The creators of Sesame Street are suing the production company behind a puppet-centric spoof of the popular children’s mainstay on the basis of trademark infringement, dilution and false advertising.
The film, a Melissa McCarthy vehicle known as “The Happytime Murders” is due to be released on August 17. On May 24, Sesame Workshop filed a 25-page lawsuit seeking a permanent injunction against STX Productions and various affiliated entities.
Their lawsuit begins, “Sesame seeks to enjoin Defendants’ deliberate effort to appropriate its SESAME STREET mark, and its trusted brand and goodwill, to promote their R-rated movie, The Happytime Murders, by way of a violent and sexually-explicit trailer.”
Sesame’s characterization of the trailer is fairly accurate. In the two-and-a-half minute-long video, Muppets (or Muppet-like puppets) are killed and disfigured by gunfire, use four-letter-words and engage in various acts of sex and violence. As the trailer concludes, one of the leading puppets experiences a lengthy and messy orgasm on screen.
Again, the lawsuit:
Defendants’ widely-distributed marketing campaign features a just-released trailer with explicit, profane, drug-using, misogynistic, violent, copulating, and even ejaculating puppets, along with the tagline “NO SESAME. ALL STREET.” Defendants do not own, control or have any right to use the SESAME STREET mark. Instead, they are distributing a trailer that deliberately confuses consumers into mistakenly believing that Sesame is associated with, has allowed, or has even endorsed or produced the movie and tarnishes Sesame’s brand.
The actual content of the film (or at least the film’s trailer) isn’t necessarily being attacked by Sesame Street–just the use of that adult-themed content in conjunction with what Sesame Street argues is a clear reference to their own brand. As the lawsuit notes, Sesame Street is “an organization with a long and storied history of ‘helping kids grow smarter, stronger and kinder.'”
The lawsuit continues, stressing the above point about Sesame’s kid-friendly message being undercut by the film’s association with Sesame Street:
The threat of irreparable injury posed to Sesame’s mark and brand cannot be overstated. Sesame has worked for nearly 50 years to build, cultivate and maintain trust with its audience of parents and young children built on its reputation for wholesome educational programming. That trust, although built over a span of generations, is too easily lost and is now in jeopardy. Defendants threaten to inflict serious, irreparable damage to Sesame’s mark and brand by associating their adult movie with Sesame Street…[The film’s] tagline has confused and appalled viewers because of what they believe to be a serious breach of trust by Sesame supporting this movie.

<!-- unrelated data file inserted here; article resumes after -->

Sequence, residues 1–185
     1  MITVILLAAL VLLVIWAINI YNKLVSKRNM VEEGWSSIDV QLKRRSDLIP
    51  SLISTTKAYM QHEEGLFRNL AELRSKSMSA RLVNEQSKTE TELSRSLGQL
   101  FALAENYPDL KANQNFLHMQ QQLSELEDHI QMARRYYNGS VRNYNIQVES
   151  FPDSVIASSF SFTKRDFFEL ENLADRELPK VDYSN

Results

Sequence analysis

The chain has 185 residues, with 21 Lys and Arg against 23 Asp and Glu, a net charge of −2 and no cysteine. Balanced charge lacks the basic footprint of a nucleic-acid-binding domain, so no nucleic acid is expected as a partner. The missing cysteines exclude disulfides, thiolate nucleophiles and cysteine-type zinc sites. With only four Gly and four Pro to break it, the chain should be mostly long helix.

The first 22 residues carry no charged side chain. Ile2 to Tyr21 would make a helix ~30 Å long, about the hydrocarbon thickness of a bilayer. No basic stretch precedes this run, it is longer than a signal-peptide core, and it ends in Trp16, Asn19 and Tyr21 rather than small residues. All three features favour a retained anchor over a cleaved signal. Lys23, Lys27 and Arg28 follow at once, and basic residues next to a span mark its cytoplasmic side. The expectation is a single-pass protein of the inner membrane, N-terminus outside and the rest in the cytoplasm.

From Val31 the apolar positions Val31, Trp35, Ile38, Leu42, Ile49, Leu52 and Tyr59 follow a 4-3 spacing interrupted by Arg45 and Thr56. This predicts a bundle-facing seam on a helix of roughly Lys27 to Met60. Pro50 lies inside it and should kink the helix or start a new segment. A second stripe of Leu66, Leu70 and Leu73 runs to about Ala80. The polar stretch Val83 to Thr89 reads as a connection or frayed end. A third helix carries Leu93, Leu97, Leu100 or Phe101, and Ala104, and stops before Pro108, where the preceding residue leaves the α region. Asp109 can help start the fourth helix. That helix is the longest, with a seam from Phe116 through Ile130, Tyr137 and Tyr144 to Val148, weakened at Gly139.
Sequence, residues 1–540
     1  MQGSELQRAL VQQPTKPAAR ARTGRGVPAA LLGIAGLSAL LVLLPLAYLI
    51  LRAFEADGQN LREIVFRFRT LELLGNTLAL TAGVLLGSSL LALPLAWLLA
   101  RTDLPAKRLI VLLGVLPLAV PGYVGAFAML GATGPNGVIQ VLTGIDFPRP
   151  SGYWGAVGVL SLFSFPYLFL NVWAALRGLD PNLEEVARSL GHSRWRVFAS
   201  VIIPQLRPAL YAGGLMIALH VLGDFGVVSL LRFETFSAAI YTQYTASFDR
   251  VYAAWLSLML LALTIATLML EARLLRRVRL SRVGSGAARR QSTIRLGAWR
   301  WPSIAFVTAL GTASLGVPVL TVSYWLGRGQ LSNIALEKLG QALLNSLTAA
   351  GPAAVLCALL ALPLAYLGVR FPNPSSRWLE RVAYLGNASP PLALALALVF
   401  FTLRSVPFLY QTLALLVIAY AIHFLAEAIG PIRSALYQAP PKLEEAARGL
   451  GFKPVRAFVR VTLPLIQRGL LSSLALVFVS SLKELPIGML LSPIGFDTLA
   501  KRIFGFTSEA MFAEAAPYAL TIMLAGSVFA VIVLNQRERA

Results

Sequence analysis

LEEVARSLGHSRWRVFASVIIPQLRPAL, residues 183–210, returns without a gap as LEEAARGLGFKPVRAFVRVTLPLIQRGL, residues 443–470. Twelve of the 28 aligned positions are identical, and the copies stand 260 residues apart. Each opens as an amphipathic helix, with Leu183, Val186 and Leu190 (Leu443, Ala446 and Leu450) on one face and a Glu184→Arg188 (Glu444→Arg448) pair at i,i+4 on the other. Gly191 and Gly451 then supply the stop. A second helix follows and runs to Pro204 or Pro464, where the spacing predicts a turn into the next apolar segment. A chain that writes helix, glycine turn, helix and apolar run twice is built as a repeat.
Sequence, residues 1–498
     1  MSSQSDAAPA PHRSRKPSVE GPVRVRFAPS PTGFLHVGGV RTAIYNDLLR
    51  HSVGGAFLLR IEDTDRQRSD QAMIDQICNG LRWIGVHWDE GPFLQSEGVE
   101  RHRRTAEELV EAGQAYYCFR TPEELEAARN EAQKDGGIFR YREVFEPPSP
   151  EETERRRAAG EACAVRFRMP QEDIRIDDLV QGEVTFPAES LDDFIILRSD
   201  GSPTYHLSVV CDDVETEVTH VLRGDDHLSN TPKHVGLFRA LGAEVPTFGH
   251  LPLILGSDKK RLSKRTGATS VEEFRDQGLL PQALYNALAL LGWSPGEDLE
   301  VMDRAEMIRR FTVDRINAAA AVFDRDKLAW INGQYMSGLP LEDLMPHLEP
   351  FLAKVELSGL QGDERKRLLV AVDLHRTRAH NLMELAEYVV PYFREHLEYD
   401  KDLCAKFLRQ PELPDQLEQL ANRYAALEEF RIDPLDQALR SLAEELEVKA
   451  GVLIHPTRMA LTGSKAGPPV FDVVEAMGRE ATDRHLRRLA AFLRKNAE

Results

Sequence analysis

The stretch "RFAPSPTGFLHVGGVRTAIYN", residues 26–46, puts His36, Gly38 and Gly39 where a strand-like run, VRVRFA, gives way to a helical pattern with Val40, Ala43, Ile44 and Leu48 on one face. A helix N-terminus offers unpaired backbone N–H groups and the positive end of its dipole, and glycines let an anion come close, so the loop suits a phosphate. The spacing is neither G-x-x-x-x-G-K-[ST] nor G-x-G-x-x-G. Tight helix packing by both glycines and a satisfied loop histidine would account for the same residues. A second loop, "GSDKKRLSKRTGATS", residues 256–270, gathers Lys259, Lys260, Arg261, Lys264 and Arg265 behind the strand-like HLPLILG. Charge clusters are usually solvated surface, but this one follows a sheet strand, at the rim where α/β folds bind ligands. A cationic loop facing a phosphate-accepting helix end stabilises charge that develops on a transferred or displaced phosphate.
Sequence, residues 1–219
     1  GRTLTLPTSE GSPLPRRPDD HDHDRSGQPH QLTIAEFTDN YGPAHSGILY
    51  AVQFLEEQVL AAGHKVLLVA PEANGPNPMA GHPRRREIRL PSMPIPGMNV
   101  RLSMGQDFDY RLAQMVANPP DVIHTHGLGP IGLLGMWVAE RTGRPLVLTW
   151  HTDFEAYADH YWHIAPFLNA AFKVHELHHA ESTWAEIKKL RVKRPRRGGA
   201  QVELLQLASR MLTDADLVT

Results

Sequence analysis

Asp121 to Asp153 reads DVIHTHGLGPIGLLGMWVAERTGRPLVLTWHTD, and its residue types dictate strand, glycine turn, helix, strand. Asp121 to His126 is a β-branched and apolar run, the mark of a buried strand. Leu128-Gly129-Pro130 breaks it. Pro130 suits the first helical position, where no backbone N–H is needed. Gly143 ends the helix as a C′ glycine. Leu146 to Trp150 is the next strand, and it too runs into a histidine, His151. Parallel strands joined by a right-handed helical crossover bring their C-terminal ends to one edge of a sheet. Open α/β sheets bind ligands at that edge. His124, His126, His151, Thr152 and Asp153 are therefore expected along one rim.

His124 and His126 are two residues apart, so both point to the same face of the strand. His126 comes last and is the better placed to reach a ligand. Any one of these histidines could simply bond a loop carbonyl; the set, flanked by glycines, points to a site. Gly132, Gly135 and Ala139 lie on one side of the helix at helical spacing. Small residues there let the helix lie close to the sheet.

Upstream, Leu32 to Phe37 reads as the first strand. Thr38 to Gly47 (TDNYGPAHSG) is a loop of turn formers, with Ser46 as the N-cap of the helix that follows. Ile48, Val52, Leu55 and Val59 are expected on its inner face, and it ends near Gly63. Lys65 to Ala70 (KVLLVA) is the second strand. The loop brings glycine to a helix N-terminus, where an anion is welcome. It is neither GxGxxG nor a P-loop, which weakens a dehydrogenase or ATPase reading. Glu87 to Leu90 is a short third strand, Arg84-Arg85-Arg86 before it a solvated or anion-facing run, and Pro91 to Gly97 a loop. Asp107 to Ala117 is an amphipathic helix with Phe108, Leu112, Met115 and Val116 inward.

According to Sesame, repeat requests to have the offending tagline removed from the film’s promotional materials and campaign have been declined by STX Productions. That tagline–“NO SESAME. ALL STREET.”–is prominently featured in the aforementioned trailer, on the film’s website and multiple social media posts, as documented by the lawsuit.
After being alerted to the use of the tagline by the film’s director, Brian Henson, the next day Sesame Workshop immediately issued a cease-and-desist letter. This was followed up by various communications between Sesame Workshop, STX Productions and The Jim Henson Company. Multiple phone calls and emails were made and sent, but the tagline change never occurred.
Sesame Workshop is suing on various counts including trademark infringement, unfair competition, false advertising, trademark dilution and unjust enrichment. They are seeking an injunction prohibiting STX Productions from using Sesame’s intellectual property and trademarks as well as various money damages, including punitive damages and attorneys’ fees.
According to Deadline, a hearing has been scheduled for May 30 in Manhattan.
[image via screengrab]
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